Lucky Charms

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I always thought that my Uncle Paul was the inspiration for Dr. Seuss’ Green Eggs and Ham. Once every year he made a disgusting looking concoction of eggs, ham and who knows what else baked into a rubbery feast that he swore would bring good luck if consumed. For years I simply stared at the foul green creation that appeared to be more like a spongy sea creature than something worthy of placing in my mouth. It mattered not if luck would elude me because I did not have the inclination to risk eating something so strange. 

One year I decided to screw up my courage and ingest just enough of it to form a more reliable opinion of its worth. To my utter surprise it was actually rather delicious despite its lime green hue and strange consistency. I eagerly sliced a bit more of the egg casserole hoping to increase my chances of having a very lucky year and learned that my long held fears of the dish had been as silly as one of Dr. Seuss’ rhymes. 

My did prosperity did not seem to improve in spite of my willingness to be more adventurous in my eating habits, but I found myself looking forward to enjoying a slice of my uncle’s recipe for good luck in each new year. If nothing else it was one of the most unique renditions of what might have been a bit of good fortune that I have ever encountered. 

My mother always served the tried and true southern tradition of black-eyed peas on New Years Day. Sadly I never really formed an attraction to that particular legume even though I am often called “The Bean Queen” due to my ability to transform virtually any variety of bean into a delicious feast. It was not until I spent my first New Years Day with my mother-in-law that I learned of a different member of the pea family that supposedly also had the power of bringing luck into any household that consumed it on the first day of the year.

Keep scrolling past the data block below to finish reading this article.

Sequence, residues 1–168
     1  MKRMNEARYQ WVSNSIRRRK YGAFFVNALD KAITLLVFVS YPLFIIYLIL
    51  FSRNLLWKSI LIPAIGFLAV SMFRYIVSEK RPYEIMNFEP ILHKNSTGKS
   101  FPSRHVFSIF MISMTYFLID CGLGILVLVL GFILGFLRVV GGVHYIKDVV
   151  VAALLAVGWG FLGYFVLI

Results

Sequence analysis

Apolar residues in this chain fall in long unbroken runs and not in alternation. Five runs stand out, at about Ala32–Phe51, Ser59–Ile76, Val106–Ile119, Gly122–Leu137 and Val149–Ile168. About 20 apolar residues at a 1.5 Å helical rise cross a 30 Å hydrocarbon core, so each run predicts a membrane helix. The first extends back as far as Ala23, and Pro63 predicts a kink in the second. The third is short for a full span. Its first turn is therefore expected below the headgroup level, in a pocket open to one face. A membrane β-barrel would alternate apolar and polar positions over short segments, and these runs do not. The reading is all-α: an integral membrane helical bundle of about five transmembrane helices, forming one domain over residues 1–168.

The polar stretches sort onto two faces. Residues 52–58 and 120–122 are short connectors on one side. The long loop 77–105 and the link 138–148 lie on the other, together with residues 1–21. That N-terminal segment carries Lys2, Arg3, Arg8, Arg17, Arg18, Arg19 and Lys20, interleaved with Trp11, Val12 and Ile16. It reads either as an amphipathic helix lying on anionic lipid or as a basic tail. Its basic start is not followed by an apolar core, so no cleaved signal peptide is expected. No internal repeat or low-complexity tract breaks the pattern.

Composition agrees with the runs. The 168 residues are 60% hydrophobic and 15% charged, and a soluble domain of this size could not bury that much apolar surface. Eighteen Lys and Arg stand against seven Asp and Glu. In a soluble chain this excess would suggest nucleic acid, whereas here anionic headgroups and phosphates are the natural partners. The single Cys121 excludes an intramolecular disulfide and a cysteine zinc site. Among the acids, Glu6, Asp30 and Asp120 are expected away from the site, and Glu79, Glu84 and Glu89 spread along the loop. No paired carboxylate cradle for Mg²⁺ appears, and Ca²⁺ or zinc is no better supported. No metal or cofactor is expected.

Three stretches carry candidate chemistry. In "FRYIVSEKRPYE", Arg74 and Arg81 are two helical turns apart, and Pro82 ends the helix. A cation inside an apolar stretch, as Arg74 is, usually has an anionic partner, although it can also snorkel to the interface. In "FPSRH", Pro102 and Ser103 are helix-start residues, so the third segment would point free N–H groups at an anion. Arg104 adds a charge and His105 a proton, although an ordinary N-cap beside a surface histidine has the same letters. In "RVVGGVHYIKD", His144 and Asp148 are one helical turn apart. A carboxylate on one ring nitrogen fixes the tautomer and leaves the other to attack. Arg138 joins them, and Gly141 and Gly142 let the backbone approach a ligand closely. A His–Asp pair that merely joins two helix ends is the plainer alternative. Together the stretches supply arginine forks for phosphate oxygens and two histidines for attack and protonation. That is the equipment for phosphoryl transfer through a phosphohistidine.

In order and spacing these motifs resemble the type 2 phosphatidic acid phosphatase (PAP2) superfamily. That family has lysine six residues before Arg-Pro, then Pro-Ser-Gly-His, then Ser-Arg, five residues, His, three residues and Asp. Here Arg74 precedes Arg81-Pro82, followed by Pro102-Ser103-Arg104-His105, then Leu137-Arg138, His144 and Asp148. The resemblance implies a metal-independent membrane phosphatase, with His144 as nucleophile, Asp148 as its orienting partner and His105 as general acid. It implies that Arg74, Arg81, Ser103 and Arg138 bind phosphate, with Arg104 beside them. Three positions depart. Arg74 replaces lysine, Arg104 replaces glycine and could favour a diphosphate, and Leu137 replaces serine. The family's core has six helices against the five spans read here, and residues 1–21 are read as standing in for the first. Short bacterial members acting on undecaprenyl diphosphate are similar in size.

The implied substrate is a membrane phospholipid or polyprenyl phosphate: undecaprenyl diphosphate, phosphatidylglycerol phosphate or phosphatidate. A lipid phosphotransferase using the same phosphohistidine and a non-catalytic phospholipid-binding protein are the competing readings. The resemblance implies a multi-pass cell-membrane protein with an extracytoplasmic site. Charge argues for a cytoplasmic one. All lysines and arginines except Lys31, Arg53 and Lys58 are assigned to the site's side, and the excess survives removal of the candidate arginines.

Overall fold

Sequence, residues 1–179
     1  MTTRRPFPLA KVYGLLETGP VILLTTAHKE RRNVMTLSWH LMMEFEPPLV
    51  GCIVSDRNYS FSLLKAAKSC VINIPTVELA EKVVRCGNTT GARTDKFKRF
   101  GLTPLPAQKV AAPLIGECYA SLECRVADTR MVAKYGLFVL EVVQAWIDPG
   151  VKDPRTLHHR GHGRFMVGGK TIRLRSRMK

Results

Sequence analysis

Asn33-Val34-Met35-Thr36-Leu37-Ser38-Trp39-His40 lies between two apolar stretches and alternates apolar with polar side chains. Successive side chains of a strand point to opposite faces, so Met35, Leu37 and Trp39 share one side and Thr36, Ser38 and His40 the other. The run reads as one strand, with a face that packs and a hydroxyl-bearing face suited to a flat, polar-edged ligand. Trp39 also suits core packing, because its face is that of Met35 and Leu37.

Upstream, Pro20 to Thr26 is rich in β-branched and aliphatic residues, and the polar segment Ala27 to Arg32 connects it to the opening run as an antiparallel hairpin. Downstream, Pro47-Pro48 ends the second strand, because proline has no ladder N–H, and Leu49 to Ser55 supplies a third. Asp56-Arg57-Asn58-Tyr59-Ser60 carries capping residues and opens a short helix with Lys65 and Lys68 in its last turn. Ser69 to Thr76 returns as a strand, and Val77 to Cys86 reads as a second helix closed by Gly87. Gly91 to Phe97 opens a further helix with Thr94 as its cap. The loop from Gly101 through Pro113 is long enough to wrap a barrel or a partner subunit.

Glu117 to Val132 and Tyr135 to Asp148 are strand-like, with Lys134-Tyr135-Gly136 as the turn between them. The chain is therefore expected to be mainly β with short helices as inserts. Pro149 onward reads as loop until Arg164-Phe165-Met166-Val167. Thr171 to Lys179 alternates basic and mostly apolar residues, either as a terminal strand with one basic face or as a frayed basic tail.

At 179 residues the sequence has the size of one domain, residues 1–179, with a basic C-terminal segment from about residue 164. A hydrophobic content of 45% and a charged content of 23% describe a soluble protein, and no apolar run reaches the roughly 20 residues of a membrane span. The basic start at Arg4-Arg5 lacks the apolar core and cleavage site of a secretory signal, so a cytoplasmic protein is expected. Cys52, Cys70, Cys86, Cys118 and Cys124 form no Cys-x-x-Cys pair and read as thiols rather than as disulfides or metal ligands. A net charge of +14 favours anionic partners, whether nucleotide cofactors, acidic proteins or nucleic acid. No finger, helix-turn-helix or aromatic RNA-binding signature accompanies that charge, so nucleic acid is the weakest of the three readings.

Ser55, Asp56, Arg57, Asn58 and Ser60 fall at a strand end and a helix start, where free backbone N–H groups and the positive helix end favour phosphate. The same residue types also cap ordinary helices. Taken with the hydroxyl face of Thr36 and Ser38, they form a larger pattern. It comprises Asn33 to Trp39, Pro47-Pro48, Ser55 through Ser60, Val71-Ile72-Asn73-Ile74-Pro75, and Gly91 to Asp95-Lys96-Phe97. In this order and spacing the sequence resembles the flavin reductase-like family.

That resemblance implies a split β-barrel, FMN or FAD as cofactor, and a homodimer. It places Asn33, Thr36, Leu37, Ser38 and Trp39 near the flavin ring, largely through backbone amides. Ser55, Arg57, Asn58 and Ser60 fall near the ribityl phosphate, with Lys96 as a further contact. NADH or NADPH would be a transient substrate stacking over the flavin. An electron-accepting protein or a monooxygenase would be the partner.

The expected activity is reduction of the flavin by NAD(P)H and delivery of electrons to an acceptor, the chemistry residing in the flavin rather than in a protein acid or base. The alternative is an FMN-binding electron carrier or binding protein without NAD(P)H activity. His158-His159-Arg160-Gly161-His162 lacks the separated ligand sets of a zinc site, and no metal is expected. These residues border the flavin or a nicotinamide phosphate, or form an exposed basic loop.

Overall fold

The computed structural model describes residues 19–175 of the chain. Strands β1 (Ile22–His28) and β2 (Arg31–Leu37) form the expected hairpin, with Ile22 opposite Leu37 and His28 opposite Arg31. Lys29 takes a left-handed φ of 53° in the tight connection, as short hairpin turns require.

It was the yellow split pea that transformed my world. I stood behind my mother-in-law each January 1, for many years learning the secrets of the alchemy that would change the tiny yellow bits into a smooth and delicious soup. Under her watchful care this traditional British dish became a delight for me and all of the members of my family. After she died I relied on the tutelage that she had so wisely given me to recreate the smooth golden soup that warms the body and the spirit. 

On a visit to Austria during the New Years holiday a few years back, I learned that there are many iconic items that might be used to insure a happy and prosperous year. Of course there was the four leaf clover but also the lady bug and golden coins of chocolate. My favorite, however, was the pig. From that vacation forward I have collected a “lucky” pig to adorn my home each New Years Day. They are whimsical and joyful and easy to find in my travels. Who knew that there were so many different ways to attract luck into one’s life?

I’m not particularly superstitious. I’ve yet to find a food or trinket that ensures me that my life will be somehow better than it might otherwise have been. Not even a rabbit’s foot has any power over the unfolding of life’s events. It’s simply a fun thing to pretend that we can somehow change the unfolding of fate with a simple wish or the ingestion of some iconic food. 

I often laugh at a memory that I have of attending the funeral of the mother of one of my Asian friends. The deceased woman was a Christian so the service included lots of prayers and readings from the Bible. At the conclusion of the memorial a few Buddhist traditions were also inserted into the mix. The deceased woman’s daughter commented that her mother had asked for both customs “just in case one was actually better than the other. “ She had not wanted to take any chances on choosing wrong in the her final goodbye to the world.

So as the old year fades away and the New Year beckons I have readied the little pink pig that I purchased in Santa Fe last summer along with a big pot of yellow split pea soup and some black-eyed peas “just in case.” We can all seriously use some better luck than what has come our way in the last two years. I’ll be most happy for a change in the right direction no matter from where it comes. 

Wishing everyone a very Happy and Blessed New Year! May 2022, bring us together in love and good health.  

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